PASSWORD>aa4um5Lp2CxdUIt would be wise for you to contact your state homeschooling association and find out 1) exactly what the laws & regulations for homeschooling say, and 2) whether other parents in your situation have been harassed by local school officials, family court judges, etc. There a few places where school officials will use ANY excuse to harass homeschoolers, call in CPS, etc., so you want to make sure the local and state environment is homeschool friendly if your ex is likely to look for trouble.Does your daughter want to homeschool? If so, this should be good reason for her father to specify his objections and work with you to find a solution that you can all live with. Perhaps he would be satisfied if you were part of an umbrella program- that way a teacher with a "certificate" would be overseeing your progress. If socialization is his main concern, then participating in a homeschool co-op program may be a solution.Jean: I have two questions.: 1.) I would like to take my child out of ps and hs her but her father
: (my ex-husband) is totally against this. Do any of you know if I
: have any recourse as to what I can do about his refusal to
: cooperate?: and: 2.) He wants to see my "teaching certificate" that says
: that I am a qualified teacher. I know that I don't need any such
: thing but what can I show this guy to satisfy him?: Thank you

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Anonymous
Joined Jul 26, 2014
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Posted:Mar 14, 2001 12:00:01 AM

Well, it seems to me that you have to ask yourself how much does homeschooling mean to your child. You have to believe that it is worth all the problems you might get from your ex. When I started homeschooling my child I thought that it was the only thing that was best for my child so I would have fought anyone that said other wise. It isn't easy to go against what others think is "right". Most homeschooling have encountered people who thinks it is wonderful and others who have strong opinions that it is not. You have to know that it is the best thing for you and your child and then all the right things to say to convince others comes easily. Think about it and talk to other home-schoolers if you can. Brenda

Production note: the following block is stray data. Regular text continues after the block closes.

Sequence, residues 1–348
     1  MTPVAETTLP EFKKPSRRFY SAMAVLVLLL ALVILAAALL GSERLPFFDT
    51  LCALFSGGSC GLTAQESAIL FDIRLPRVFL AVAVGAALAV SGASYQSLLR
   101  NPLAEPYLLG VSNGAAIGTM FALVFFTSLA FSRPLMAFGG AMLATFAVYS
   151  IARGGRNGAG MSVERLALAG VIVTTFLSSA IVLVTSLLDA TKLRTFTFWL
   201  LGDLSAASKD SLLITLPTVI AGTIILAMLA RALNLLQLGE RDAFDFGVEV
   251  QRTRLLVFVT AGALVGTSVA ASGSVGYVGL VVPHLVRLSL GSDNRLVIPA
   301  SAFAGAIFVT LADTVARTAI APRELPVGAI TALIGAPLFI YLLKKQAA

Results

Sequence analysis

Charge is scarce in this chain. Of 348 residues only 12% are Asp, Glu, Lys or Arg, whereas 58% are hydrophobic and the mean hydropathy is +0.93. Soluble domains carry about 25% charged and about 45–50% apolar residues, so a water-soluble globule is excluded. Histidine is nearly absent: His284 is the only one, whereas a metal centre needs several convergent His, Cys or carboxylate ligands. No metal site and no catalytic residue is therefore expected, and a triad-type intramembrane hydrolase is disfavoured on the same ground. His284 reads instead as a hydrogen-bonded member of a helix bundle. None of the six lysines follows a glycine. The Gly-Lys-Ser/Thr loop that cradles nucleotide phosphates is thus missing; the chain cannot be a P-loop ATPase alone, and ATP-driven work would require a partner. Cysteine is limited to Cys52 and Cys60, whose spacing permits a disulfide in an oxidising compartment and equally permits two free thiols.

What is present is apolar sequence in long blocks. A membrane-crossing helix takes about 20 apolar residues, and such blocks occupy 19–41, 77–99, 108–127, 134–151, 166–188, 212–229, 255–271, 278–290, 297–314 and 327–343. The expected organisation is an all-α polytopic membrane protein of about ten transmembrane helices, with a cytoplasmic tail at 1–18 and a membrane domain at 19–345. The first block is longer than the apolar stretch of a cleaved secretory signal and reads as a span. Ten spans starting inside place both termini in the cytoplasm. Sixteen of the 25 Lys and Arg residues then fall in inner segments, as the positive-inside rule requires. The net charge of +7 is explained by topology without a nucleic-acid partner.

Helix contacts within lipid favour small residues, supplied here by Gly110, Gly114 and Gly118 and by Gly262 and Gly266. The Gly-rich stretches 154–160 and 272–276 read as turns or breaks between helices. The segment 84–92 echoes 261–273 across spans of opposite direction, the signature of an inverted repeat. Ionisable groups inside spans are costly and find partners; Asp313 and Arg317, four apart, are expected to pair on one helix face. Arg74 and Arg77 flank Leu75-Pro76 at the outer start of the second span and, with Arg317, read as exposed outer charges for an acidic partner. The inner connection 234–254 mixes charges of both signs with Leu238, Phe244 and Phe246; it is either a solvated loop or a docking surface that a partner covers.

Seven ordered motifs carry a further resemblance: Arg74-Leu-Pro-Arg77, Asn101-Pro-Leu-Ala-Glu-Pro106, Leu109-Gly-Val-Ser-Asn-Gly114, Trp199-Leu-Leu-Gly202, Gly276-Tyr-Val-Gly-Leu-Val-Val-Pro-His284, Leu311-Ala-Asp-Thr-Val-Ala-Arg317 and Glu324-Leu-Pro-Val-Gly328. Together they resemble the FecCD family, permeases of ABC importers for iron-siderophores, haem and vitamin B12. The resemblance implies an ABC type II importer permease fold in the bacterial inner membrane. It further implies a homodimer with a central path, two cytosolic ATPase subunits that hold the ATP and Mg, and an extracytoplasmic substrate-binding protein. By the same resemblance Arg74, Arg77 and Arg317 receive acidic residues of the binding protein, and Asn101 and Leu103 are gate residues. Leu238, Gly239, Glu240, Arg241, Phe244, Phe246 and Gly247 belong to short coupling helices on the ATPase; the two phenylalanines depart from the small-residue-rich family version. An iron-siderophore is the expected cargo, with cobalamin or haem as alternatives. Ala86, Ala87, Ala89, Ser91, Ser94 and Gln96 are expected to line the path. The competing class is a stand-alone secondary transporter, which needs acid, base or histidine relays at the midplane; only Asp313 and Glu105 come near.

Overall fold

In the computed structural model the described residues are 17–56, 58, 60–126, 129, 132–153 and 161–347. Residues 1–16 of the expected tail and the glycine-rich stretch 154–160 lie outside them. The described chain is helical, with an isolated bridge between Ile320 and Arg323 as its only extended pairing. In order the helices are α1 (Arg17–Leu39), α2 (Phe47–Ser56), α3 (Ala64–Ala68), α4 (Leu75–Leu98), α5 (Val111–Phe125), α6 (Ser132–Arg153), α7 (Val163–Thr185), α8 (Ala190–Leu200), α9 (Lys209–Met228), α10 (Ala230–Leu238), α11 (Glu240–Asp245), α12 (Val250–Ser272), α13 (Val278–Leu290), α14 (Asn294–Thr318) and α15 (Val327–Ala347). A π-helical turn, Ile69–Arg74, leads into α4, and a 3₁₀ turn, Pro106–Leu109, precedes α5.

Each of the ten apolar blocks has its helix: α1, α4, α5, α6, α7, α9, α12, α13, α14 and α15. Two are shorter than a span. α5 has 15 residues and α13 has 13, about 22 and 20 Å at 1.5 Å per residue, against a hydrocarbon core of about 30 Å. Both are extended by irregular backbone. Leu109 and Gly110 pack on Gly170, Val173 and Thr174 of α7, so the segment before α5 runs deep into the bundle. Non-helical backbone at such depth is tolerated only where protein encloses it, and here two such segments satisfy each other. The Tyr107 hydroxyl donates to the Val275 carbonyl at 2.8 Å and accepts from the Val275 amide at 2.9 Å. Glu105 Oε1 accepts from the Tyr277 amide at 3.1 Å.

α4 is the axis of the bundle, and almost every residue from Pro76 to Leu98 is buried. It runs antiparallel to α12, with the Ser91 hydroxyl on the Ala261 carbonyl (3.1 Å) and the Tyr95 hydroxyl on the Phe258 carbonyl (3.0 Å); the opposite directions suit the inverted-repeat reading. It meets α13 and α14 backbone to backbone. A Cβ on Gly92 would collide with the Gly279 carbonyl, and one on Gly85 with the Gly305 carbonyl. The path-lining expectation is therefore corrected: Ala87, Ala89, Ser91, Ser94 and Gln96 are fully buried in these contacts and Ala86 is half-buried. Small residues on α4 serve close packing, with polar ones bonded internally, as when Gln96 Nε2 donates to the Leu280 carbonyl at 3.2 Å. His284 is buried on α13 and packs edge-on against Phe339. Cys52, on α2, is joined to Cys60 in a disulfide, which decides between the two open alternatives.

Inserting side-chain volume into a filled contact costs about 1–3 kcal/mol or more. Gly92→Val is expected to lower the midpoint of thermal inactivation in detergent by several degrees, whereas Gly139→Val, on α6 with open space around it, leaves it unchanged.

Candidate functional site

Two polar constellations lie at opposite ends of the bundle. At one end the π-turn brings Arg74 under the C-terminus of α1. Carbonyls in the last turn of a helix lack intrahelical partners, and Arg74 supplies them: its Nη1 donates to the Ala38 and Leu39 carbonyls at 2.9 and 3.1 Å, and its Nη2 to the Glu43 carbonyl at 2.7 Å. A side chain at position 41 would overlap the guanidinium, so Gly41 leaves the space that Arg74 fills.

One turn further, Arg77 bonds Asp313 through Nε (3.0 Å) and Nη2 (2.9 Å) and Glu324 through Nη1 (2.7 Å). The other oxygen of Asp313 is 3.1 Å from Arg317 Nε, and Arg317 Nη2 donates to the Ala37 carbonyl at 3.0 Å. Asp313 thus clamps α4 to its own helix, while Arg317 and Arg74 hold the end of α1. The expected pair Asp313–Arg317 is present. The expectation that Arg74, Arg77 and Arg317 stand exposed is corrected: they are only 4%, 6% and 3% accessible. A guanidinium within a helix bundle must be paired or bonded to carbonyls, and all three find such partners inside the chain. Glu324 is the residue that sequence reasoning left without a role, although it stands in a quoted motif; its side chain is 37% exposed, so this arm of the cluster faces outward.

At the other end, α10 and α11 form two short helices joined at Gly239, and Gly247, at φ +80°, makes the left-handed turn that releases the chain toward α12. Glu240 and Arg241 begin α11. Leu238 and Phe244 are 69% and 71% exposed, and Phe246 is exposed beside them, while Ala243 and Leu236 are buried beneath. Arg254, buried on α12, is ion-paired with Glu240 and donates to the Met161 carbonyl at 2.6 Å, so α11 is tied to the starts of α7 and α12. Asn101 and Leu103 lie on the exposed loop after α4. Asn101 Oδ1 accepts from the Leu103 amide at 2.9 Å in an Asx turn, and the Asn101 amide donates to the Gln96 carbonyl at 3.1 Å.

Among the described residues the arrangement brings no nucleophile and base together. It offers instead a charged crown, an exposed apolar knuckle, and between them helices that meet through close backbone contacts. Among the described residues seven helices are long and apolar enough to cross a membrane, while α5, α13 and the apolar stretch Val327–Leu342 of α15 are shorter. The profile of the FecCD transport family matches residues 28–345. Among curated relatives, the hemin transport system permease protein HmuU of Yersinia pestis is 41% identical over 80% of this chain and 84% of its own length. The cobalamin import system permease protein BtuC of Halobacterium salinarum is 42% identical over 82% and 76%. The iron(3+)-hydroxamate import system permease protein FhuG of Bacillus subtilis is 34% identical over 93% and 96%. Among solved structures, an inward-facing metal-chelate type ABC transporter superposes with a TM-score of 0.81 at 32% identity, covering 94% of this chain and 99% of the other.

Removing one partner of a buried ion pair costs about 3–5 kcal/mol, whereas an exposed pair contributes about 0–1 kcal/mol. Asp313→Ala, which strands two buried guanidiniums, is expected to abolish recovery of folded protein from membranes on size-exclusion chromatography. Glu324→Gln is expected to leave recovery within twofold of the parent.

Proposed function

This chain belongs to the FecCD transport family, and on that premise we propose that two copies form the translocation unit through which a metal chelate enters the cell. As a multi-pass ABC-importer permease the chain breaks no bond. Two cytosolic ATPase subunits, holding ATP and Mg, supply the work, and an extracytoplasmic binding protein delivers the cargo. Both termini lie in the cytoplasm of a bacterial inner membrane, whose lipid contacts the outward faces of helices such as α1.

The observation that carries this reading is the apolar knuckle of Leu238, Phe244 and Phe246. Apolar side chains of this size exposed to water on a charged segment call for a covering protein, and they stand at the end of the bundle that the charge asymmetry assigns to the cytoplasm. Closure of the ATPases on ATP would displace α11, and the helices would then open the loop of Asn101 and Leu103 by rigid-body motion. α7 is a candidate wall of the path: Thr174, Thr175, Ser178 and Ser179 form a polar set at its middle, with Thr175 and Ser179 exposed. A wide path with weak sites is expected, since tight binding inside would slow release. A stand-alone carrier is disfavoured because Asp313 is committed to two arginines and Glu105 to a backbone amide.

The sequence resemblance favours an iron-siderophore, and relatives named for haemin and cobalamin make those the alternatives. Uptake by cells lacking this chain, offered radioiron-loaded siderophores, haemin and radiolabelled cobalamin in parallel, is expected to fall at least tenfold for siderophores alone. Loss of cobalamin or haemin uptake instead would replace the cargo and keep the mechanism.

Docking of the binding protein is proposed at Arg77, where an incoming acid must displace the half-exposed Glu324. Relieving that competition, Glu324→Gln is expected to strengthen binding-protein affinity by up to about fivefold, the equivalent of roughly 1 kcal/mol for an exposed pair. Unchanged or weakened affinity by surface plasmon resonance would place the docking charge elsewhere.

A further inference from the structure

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Anonymous
Joined Jul 26, 2014
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Posted:Mar 14, 2001 12:00:01 AM

Yes, check legal custody issues. If you have solo, you are all right. If joint, you'll have to work it out. If he finally agrees, *get it on paper*, signed and if possible notarized.Sometimes a "mixed" approach may be taken by buying a program/joining an organization that has supervising teachers (with the official credentials). Just make sure any such program is not even worse lockstep than public school.Sometimes there are "paper schools", often church schools, that register the child and make out end-of-year reports and offer social and athletic get-togethers but kids are homeschooled most of the time.Check local and national homeschool info on internet and in newsletters for ideas.If you do total homeschooling, keep papers. Build up a portfolio of all the child's work. Add on all her test results. Keep a log of athletic, artistic, group activities she does (I did this for one month one summer while debating home versus public school -- it's astounding how much education you really do that doesn't get noticed.)Keep a record of *everything*. If the ex gives you a hard time and threatens court, photocopy and hit him with a mass of evidence (improved test scores on top) and dare the public school to come up with any evidence at all of your child learning and progressing.Good luck.